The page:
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To Land on the Moon

1960-July 1969

When Apollo 11 stood on its launch pad in July 1969, NASA and contractor engineers had done everything they could to make sure it was ready for a lunar landing. In the eight years since President Kennedy had issued his challenge, thousands of persons had designed, developed, and figured out how to use the millions of pieces that made up the launch. vehicle and spacecraft.1 Confidence in this hardware had come from several flights, one of them to within a few kilometers of the target. By and large, then, worries about the last stage of the journey should have been few. Such an expectation, however, did not prove true.

Many of the prelaunch activities were peculiar to the Apollo 11 mission. Landing on the moon, walking on its alien surface, and then leaving it (all new experiences) affected other areas. For example, the lack of knowledge about the problems a crewman might encounter as he moved about in low gravity in the "third spacecraft" - a bulky suit and backpack - raised numerous questions. What would he do? How long would he stay? How far would he explore? And what kind of experiments would he set up for scientific interests? Some scientists worried that the astronauts might bring back pathogens to contaminate the earth. So the Lunar Receiving Laboratory became a quarantine facility as well as a place in which to store and study lunar soil and rocks. A precise protocol was drafted to keep the astronauts isolated from other Earthlings and to move them and their cargo from a Pacific splashdown to a special building in Houston with dispatch.

Crew training, already complicated by the need to master the controls of two different and very complex spacecraft, took on new dimensions, principally in learning how to set a 14.5-metric-ton lunar module safely down on the moon. The astronauts practiced this task on fixed-base lunar module simulators in Houston and at the Cape, on a swinging suspension device at the Langley Research Center, and on a free-flight apparatus called a lunar landing training vehicle - a set of rocket motors laced together and supported by an odd-looking arrangement of pipes - at Ellington Air Force Base, Texas.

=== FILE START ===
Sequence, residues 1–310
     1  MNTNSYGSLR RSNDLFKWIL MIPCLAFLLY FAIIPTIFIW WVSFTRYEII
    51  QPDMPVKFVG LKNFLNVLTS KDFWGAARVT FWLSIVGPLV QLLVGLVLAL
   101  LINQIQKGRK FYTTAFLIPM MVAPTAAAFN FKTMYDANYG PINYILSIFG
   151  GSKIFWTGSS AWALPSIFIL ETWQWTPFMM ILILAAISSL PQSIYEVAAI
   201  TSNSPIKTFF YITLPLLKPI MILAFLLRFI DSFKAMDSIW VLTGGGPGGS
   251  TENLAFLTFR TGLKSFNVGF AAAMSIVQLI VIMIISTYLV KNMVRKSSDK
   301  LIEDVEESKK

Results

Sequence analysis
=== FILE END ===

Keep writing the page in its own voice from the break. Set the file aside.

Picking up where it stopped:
Landing men on the moon raised national and international issues never before faced in space flight. In the past, an explorer had implanted his country's flag on new soil to symbolize a territorial claim. When an astronaut raised the banner of the United States over lunar ground, would he be claiming the moon for America? Other symbolic acts and articles also prompted questions about man's first visit to the earth's moon. What tokens should he take with him, what should he leave there and what should he bring back, what memorable words should he say, and what ceremonies should he enact? NASA public affairs officials, more accustomed to responding to queries than to using the high-pressure selling tactics of public relations promoters, realized that they would have to answer these new questions almost before they were asked. They also recognized that public interest in Apollo might wane after the first landing. Apollo 11 must, therefore, tell NASA's story aggressively while a worldwide audience watched and listened.

From almost any vantage point, Apollo 11 was unique - a totally different venture from any the earth's people had ever embarked upon. But the men and women most directly responsible for this flight focused on mission techniques, crew training, space vehicles, and qualification of an extravehicular mobility unit, with only fleeting thoughts for what this mission might mean to the world.

1. Jane Van Nimmen and Leonard C. Bruno, with Robert L. Rosholt, NASA Historical Data Book, 1958-1968, vol. 1, NASA Resources, NASA SP-4012 (Washington, 1976), p. 10; "Interesting Information on Apollo Program and U.S. Space Programs," typescript by unknown author, 27 May 1969.

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